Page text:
This is the time of year, with the flowers all in bloom and insects appearing again, that the world around us seems to invite close-up images and macro photography.
Shooting at close range can be lots of fun. In fact, macro photography is a favorite of mine.
But close-up photography can also be tricky. Lighting, focus and depth of field are some of the bigger challenges when shooting macro images. You’ll also need to know about specialized equipment.
In other words, there’s more to it than you might think. If you are new to macro photography, it can be a lot to put together.
In the video below, Matt Granger guides a beginning photographer through her first experiences with macro photography. He sets up an indoor environment, and offers one-on-one guidance as the student photographs various small subjects. Along the way, Matt gives lots of helpful tips for shooting up-close.
The video is a great watch for anyone looking to give macro or close-up photography a first try.
I especially like how the video emphasizes using a tripod. The tripod isn’t introduced until about 13 minutes, but you can see the difference it makes. When shooting so close, the tiniest camera movement is amplified. And cameras tend to move a bit when the shutter speed gets longer. For that reason, I think that a tripod is essential in macro and close-up photography.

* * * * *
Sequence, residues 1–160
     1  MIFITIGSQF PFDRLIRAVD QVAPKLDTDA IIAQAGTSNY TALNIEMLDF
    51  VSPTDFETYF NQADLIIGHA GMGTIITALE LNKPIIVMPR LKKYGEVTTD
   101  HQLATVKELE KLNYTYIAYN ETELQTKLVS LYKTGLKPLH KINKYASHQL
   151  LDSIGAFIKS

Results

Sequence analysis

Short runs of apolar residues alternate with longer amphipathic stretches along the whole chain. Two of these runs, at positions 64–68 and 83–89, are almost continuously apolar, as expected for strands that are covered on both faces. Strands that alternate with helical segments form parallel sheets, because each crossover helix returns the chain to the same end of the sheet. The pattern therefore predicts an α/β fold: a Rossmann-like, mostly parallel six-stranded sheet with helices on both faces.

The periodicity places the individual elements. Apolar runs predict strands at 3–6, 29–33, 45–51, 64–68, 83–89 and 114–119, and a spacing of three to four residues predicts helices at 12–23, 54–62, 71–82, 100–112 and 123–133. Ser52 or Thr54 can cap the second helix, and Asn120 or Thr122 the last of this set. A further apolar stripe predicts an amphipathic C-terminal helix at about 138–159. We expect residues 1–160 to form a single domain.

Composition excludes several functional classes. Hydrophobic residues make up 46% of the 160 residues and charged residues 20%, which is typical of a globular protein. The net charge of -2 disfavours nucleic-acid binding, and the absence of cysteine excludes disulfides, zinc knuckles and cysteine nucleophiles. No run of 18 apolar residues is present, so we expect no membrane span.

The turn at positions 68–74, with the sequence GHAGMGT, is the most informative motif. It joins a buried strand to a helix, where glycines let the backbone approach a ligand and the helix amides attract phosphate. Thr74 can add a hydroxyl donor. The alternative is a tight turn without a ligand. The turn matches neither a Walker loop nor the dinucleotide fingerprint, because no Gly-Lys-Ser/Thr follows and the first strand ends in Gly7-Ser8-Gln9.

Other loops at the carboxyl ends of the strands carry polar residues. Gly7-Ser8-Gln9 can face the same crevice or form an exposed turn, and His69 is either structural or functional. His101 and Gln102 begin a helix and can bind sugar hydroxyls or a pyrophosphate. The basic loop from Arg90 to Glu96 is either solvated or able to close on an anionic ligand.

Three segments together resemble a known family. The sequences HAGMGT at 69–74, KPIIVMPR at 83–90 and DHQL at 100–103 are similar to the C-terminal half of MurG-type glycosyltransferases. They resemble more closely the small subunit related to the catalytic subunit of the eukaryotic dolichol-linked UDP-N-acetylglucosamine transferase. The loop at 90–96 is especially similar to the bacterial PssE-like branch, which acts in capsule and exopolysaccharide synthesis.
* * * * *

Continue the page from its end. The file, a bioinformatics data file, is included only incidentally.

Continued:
Yes, the video is definitely worth watching!
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For the last several posts, we have been talking about exposure and how we can use it to creatively change the look of our photos. And in our previous post, we looked at using the aperture settings to change the depth of field of an image.
n the last few weeks we have been talking about exposure and the settings that control it.
In this post, we’ll look at the aperture setting, another of the exposure controls, and see how you can use it to enhance your photos, direct focus onto your subject and give your images a sense of dimension.
In our last post, we talked about shutter speed and how it affects the way motion is portrayed in an image.